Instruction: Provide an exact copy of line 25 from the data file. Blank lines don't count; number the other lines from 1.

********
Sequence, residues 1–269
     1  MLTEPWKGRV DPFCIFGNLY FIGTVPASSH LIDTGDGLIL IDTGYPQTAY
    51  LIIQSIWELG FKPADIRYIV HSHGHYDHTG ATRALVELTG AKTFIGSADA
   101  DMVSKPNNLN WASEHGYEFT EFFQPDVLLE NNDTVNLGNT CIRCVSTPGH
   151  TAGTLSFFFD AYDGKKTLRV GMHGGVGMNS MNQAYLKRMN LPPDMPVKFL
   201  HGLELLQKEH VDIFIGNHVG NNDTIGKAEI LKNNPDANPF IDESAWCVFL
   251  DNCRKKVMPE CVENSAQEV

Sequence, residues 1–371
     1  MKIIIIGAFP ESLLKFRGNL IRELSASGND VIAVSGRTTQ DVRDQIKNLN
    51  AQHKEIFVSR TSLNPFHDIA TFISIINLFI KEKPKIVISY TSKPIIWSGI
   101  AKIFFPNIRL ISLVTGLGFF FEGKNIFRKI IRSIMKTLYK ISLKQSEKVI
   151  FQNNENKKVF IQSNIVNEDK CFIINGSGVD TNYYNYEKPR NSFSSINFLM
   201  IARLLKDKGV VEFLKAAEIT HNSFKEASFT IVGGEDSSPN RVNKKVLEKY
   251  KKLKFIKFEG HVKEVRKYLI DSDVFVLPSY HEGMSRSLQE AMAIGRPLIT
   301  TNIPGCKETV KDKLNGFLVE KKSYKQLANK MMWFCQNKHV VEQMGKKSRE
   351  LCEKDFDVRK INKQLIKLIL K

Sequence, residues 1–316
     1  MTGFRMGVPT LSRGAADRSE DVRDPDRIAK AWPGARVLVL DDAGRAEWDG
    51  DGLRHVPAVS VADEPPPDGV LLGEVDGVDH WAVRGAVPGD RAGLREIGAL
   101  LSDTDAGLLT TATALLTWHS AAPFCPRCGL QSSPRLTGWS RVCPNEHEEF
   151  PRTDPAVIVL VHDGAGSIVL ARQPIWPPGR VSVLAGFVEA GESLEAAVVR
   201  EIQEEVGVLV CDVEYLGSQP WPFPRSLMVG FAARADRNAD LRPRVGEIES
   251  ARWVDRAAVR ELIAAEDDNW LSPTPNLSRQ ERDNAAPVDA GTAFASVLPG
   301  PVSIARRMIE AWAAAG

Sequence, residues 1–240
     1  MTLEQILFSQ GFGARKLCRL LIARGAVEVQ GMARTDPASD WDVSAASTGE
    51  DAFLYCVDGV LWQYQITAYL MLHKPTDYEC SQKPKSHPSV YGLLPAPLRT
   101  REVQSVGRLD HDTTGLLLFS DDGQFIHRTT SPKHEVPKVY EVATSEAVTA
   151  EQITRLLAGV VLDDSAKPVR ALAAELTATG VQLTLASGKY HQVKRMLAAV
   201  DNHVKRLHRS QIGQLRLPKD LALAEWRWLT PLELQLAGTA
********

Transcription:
Sequence, residues 1–240